PORTLAND, Ore. — There are five new COVID-19 related deaths in Oregon, raising the state’s death toll to 2,439, the Oregon Health Authority reported at 12:01 a.m. today.

Oregon Health Authority reported 678 new confirmed and presumptive cases of COVID-19 as of 12:01 a.m. today, bringing the state total to 168,795.

Vaccinations in Oregon

Today, OHA reported that 50,429 new doses of COVID-19 vaccinations were added to the state immunization registry. Of this total, 27,783 doses were administered on April 7 and 22,646 were administered on previous days but were entered into the vaccine registry on April 7.

The 50,429 doses submitted to the state’s immunization tracking system on April 7 was the highest number of COVID-19 vaccine doses entered into the database on a single day since the COVID-19 vaccines began to be administered in Oregon. The 7-day running average is now 34,733 doses per day.

As of today, 824,299 people have completed a COVID-19 vaccine series. There are 522,780 people who have had at least one dose.

Oregon has now administered a total of 1,083,978 doses of Pfizer, 971,012 doses of Moderna and 61,539 doses of Johnson & Johnson COVID-19 vaccines.

Cumulative daily totals can take several days to finalize because providers have 72 hours to report doses administered and technical challenges have caused many providers to lag in their reporting. OHA has been providing technical support to vaccination sites to improve the timeliness of their data entry into the state’s ALERT Immunization Information System (IIS).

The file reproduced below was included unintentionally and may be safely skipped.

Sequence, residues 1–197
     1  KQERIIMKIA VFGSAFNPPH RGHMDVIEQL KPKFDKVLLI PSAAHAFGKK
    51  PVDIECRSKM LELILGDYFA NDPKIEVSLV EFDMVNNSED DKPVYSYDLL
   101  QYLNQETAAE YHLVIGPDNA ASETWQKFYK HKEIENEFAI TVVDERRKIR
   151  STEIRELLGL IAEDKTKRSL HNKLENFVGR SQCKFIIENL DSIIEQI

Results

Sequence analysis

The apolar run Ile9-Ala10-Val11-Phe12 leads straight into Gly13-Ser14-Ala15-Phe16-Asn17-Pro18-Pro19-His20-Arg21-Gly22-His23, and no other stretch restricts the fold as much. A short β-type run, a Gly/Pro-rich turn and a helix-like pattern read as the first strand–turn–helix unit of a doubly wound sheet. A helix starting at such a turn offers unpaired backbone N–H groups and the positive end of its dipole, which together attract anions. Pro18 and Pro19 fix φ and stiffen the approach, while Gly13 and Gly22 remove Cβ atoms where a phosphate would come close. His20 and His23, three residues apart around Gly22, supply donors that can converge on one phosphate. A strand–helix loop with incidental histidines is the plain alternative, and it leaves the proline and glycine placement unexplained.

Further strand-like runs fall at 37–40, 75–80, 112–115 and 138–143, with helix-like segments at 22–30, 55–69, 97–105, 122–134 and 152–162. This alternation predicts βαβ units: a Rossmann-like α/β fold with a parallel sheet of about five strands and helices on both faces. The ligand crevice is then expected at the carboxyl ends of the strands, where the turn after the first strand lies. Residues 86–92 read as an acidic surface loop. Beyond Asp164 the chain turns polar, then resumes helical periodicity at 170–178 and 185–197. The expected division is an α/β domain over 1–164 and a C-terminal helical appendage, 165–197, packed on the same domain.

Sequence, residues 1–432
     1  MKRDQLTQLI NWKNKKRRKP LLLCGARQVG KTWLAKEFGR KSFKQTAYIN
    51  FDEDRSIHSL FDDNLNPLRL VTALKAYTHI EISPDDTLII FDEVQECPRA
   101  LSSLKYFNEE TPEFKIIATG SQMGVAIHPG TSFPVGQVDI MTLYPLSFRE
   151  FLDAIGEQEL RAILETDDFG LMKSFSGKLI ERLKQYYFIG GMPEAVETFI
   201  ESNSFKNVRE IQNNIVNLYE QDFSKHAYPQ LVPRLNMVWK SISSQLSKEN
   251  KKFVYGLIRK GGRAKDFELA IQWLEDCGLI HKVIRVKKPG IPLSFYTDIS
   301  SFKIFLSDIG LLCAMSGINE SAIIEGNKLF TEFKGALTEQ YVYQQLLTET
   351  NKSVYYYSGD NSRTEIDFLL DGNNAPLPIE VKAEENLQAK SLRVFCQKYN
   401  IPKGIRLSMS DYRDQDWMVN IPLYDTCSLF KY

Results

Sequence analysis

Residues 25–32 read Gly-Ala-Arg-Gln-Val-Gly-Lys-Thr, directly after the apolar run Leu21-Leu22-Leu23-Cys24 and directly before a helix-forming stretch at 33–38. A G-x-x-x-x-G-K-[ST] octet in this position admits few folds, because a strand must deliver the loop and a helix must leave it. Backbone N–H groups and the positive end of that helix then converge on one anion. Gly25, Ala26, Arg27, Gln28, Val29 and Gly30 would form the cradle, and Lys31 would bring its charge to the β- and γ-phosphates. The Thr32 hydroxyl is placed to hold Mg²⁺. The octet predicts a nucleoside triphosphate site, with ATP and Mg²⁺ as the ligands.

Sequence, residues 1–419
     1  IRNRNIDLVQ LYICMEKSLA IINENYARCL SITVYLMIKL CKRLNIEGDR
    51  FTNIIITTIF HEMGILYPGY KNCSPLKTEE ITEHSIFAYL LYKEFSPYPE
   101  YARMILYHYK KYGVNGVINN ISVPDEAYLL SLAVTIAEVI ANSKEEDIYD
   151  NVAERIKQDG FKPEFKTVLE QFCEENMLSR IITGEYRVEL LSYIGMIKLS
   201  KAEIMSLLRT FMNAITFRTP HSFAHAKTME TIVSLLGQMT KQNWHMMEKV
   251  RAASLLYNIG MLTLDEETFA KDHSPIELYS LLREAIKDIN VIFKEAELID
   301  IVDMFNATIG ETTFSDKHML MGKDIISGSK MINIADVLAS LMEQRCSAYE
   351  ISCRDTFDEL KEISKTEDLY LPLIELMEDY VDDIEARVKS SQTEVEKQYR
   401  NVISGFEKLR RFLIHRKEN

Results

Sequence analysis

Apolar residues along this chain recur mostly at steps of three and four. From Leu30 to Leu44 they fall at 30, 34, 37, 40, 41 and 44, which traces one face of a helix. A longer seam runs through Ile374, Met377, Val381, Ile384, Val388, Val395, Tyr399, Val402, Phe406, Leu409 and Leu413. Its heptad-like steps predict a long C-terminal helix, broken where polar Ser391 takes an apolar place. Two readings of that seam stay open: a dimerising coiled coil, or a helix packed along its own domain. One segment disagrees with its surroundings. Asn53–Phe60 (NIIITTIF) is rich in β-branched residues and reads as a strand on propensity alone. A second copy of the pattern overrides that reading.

To date, 1,340,235 doses of Pfizer, 1,212,800 doses of Moderna and 185,500 doses of Johnson & Johnson COVID-19 vaccines have been delivered to sites across Oregon.

These data are preliminary and subject to change.

OHA's dashboards provide regularly updated vaccination data, and Oregon’s dashboard has been updated today.

COVID-19 hospitalizations

The number of hospitalized patients with COVID-19 across Oregon is 168, which is three fewer than yesterday. There are 38 COVID-19 patients in intensive care unit (ICU) beds, which is four fewer than yesterday.

The total number of patients in hospital beds may fluctuate between report times. The numbers do not reflect admissions per day, nor the length of hospital stay. Staffing limitations are not captured in this data and may further limit bed capacity.

More information about hospital capacity can be found here.

Cases and deaths

The new confirmed and presumptive COVID-19 cases reported today are in the following counties: Baker (4), Benton (4), Clackamas (65), Clatsop (6), Columbia (10), Coos (7), Crook (4), Curry (3), Deschutes (47), Douglas (14), Gilliam (1), Grant (7), Hood River (5), Jackson (88), Jefferson (5), Josephine (27), Klamath (42), Lane (47), Lincoln (8), Linn (18), Malheur (1), Marion (48), Morrow (1), Multnomah (108), Polk (14), Tillamook (8), Umatilla (6), Union (1), Wasco (1), Washington (69) and Yamhill (9).

Oregon’s 2,435th COVID-19 death is a 75-year-old man in Baker County who tested positive on March 24 and died on April 3 at his residence. He had underlying conditions.